Copying directories is an essential task in Linux. It allows you to duplicate directories, create backups, or transfer data between different locations.

One of the most commonly used commands for copying files and directories in Linux is cp.

In this tutorial, we will explore how to copy directories effectively using the cp command, along with various options and techniques to customize the copying process.

The Linux cp command

You use the cp command in Linux to copy files and directories from one location to another. It stands for "copy" and is a fundamental command-line utility for file management.

The cp command follows a specific syntax for copying directories. Understanding the basic structure of the command is crucial for successful directory copies.

The cp command syntax

cp [options] source_directory destination_directory

Here's an explanation of each component of the syntax:

  • cp: This is the command itself, which stands for "copy."
  • [options]: This represents optional flags and parameters that can modify the behavior of the cp command. Options are typically preceded by a hyphen (-) or double hyphen (--) and can be used to specify additional functionalities, such as preserving attributes, enabling recursion, or displaying progress.
  • source_directory: This is the directory that you want to copy. It can be specified as a relative or absolute path.
  • destination_directory: This is the directory where you want to copy the source directory. It can also be specified as a relative or absolute path.

Here are some key concepts and features of the cp command:

  1. Copying files: The cp command can be used to copy individual files. We provide the path and name of the source file, followed by the destination directory or filename.
  2. Copying directories: The cp command can also copy entire directories. To copy a directory and its contents, we need to include the -r (or --recursive) option, which enables recursive copying. This option ensures that all subdirectories and files within the directory are copied.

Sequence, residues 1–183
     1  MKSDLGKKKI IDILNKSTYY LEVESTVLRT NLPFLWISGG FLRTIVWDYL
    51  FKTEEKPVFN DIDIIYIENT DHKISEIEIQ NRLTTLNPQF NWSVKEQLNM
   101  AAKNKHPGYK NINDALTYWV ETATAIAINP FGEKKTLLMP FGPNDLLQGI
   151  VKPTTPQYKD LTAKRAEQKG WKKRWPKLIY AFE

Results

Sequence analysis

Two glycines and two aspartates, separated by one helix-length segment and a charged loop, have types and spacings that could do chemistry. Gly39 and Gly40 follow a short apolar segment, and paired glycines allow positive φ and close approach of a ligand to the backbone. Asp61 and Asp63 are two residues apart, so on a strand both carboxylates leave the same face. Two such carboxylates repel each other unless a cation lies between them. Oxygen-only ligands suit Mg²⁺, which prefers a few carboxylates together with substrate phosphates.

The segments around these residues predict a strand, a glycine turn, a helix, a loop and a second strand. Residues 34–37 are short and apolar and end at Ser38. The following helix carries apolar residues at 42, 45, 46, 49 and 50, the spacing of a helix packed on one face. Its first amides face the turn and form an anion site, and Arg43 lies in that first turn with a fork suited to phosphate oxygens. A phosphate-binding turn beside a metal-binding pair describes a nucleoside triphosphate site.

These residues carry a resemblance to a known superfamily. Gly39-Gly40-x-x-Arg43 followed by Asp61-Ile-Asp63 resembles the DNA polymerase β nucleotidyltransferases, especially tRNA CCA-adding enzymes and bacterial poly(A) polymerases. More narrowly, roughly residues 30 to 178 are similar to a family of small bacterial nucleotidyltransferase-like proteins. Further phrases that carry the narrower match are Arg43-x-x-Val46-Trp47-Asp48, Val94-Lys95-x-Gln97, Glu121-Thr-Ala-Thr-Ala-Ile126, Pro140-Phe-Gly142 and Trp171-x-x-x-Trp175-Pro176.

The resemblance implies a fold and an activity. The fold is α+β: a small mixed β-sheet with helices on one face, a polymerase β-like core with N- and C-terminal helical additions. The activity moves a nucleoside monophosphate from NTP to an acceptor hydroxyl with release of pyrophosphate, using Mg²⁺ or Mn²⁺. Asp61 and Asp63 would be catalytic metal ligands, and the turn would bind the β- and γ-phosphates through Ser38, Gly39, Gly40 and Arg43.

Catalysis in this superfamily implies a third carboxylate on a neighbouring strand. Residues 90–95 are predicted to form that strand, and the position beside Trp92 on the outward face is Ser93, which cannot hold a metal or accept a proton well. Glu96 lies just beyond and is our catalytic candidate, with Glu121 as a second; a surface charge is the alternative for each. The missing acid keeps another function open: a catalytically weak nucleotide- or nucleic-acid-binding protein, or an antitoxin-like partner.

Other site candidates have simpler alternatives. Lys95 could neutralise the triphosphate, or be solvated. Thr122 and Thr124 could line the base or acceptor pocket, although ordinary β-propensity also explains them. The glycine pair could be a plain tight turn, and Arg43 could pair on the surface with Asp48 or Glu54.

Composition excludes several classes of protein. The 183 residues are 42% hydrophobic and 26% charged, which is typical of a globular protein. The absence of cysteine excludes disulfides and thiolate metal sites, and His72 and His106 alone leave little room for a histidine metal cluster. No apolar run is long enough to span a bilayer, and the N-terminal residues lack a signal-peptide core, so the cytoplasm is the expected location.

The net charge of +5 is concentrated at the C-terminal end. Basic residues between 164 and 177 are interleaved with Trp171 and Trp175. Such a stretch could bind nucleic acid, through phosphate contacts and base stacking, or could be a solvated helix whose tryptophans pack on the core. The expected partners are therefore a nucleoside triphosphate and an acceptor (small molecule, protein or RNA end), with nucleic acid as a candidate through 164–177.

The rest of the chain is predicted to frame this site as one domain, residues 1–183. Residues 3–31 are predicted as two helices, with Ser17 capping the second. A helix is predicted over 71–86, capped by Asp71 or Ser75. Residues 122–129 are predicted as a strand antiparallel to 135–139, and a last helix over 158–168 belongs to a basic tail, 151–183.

3. Preserving file attributes: By default, the cp command copies files without preserving their attributes such as permissions, timestamps, and ownership. However, we can use the -p (or --preserve) option to preserve file attributes during the copy process.
  4. Handling existing files: When copying files or directories, the cp command handles conflicts when there are existing files or directories with the same names in the destination location. By default, it overwrites the existing files without prompting. We can use the -i (or --interactive) option to prompt before overwriting existing files.
  5. Copying across file systems: The cp command can handle copying between different file systems. It automatically adjusts the behavior and performs the copy accordingly.

Let's demonstrate how to do this:

cp -r /Desktop/welcome /Desktop/tutorial

In the above command:

  • -r flag stands for "recursive" and allows the cp command to copy directories and their contents.
  • /Desktop/welcome  is the path of the directory we want to copy.
  • /Desktop/tutorial is the path where we want to copy the directory to.


With the knowledge and understanding of the cp command's syntax, we can efficiently copy directories and their contents.

Throughout this article, we have explored the step-by-step process of copying directories to different locations, recursively copying directories with their contents. We have also discussed some important features of the cp command.

So go ahead and try it out :)

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